Centre for Exploratory Research
EMPAC’s purpose is to improve professional practice in cross border policing issues – to make it more effective and cut crime – by drawing upon the best research and innovation ideas. Whilst there is much ongoing confirmatory analytical work underway we offer additional complementary focus on exploratory research.
Exploratory research is in some ways more aggressive than analysis alone as it seeks to probe into known unknowns with a future orientated focus rather than a confirmatory retrospection.
Policing is often taken by surprise by the sheer audacity and entrepreneurial nature of organised crime. This is not unique to policing as a phenomenon. Betts (1982) and Posner (2005) have both extensively documented intelligence failures in military contexts. Both conclude that mindset is a central issue in that structures, routine and ritual can cause a kind of cognitive bias. Given policing seeks ‘tried and tested’ ways, the blind spot impacts hardest on creativity and change, meaning too often law enforcement can be left picking up the pieces of the jigsaw after the event.
Doing more of the same in a changing world is not keeping up, it’s falling behind.
Banaji and Greenwalk (2016) and Forman (2020) examine cognitive bias blindspots and refer to the lack of cognitive diversity and command humility as fundamental problems that breed bias. This means there must be a receptivity to difference in thought and insight, and a willingness to learn and adapt fast: agility is a strength but can only come via an inductive outlook on tomorrow.
The psychology of offending
Whilst Ainsworth (2001) and Bartol (2005) offer much in terms of offender psychosocial profiling, Ormand (2020) perhaps offers more by recognising that thinking like the enemy is the key to unlocking criminal behaviour, not just as a game of chess, but as a game of poker. Having too much of a predictable routine, as policing has, means that the criminal can too often foretell policing’s every next move, leaving policing mopping up rather than getting ahead.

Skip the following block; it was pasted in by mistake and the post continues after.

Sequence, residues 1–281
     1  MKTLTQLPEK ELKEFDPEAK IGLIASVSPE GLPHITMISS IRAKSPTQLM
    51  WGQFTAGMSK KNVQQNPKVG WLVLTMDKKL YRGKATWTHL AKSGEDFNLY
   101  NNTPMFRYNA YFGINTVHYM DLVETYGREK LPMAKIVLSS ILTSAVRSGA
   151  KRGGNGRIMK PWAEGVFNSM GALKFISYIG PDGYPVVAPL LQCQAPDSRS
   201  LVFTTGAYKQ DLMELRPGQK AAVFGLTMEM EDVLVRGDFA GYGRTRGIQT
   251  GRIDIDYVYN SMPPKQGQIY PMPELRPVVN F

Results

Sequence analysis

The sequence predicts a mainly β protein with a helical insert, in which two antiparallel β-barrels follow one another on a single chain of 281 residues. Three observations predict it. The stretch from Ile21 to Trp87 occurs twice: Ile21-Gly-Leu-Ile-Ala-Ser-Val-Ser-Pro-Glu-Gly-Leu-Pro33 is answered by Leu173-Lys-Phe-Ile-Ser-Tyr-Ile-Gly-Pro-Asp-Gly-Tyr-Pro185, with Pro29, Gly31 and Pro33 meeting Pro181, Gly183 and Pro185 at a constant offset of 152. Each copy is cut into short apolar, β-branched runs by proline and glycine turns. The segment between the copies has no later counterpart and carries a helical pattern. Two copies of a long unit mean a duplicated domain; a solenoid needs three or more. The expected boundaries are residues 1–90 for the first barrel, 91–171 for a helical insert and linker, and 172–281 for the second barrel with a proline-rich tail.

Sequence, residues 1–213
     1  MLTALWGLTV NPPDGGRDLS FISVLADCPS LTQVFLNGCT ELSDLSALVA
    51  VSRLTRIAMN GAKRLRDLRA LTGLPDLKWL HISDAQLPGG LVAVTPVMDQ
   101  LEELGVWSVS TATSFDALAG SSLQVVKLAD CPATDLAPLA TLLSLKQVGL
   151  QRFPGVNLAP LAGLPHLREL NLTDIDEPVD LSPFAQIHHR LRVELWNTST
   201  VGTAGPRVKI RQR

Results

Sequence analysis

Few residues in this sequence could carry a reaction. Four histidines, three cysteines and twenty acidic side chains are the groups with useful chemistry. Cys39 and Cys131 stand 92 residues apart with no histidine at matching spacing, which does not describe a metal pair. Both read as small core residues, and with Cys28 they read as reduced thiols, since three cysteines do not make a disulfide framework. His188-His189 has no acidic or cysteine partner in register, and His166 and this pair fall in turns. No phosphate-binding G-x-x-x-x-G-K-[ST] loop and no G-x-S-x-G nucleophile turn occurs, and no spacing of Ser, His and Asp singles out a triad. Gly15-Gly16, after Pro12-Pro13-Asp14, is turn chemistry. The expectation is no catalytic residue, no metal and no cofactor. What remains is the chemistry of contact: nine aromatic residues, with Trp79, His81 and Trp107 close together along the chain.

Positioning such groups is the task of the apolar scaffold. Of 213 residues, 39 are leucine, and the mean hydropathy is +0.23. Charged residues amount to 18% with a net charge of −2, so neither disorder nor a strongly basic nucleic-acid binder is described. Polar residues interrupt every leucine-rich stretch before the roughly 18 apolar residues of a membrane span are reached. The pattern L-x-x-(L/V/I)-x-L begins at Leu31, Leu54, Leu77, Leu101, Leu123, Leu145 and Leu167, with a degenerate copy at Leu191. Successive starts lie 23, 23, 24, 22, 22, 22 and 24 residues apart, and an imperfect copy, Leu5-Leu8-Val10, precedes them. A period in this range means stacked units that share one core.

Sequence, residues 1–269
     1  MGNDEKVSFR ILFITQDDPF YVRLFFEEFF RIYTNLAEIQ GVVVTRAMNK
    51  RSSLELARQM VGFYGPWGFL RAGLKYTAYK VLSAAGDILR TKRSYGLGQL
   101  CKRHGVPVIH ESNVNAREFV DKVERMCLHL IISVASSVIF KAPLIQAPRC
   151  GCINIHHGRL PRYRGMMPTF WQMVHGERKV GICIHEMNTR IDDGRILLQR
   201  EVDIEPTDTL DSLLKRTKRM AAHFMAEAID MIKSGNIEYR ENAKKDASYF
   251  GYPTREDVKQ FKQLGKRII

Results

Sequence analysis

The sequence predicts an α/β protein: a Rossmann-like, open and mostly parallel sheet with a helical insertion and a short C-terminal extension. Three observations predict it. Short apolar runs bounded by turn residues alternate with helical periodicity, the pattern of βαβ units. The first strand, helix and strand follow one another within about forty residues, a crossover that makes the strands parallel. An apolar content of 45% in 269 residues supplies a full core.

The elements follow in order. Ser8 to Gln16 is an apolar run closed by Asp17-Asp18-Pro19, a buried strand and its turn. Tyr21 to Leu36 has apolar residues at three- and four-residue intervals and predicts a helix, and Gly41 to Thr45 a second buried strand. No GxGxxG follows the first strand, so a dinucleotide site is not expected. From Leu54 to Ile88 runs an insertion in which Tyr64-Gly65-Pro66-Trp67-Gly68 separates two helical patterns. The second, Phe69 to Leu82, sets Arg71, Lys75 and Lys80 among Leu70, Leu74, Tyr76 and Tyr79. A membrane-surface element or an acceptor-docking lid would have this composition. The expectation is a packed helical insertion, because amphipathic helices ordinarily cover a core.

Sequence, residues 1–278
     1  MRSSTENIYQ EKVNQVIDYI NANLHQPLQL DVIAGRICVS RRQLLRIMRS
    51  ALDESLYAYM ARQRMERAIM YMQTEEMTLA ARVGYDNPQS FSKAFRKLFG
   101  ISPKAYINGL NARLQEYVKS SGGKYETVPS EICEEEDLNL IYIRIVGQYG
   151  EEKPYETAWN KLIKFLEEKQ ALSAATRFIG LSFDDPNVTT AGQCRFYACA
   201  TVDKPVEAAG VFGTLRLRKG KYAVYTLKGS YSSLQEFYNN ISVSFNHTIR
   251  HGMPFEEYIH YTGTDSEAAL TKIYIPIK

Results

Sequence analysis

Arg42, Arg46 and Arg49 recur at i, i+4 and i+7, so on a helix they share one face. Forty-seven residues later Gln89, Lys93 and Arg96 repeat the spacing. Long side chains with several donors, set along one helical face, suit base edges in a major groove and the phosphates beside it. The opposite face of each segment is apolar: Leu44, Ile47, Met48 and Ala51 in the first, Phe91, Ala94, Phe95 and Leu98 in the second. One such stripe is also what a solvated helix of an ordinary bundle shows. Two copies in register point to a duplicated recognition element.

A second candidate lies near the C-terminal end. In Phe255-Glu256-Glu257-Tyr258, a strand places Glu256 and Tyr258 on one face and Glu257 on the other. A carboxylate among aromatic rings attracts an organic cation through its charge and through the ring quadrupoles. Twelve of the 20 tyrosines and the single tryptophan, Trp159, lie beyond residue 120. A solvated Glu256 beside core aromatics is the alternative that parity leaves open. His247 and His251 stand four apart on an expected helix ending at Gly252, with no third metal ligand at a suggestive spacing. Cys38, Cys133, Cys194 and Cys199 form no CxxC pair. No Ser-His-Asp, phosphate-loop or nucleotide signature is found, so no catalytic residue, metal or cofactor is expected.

Ormand (ibid.) resonates with the extensive recount of war-time military intelligence proactive deception told by Rankin (2009), where strategic intelligence was not so much about just counting the past, or listening to the present, but about influencing the future, through hard thinking about the enemy’s motivations. strengths and weaknesses.
This, then, is a form of psychological wargaming as Hoffman (2017) advocates.
Doing research in a different way
Our Centre takes an approach which is about understanding criminal motivation and proactively scouting opportunities as its research ethos. There are clear overlaps with proactive strategic intelligence development, but those overlaps are purposeful, as so much intelligence analytical function has become confirmatory in nature and diverted to reactive investigative volume need that the big picture can often get missed.
As a collaborative research unit we explore what works but thrive on what if. We see research as exploratory enquiry into the future, to strengthen policing capability and preparedness. Rather than just problem profiling, we think about solution architecture.
Turning the tide
For too long creativity has been weaponised by criminals against the vulnerabilities of the public and we seek to turn the tide: to proactively equip policing with additional agility and proactive insight to take law enforcement up stream.
Contact our Principal Researcher, Dr John Coxhead, at email@example.com.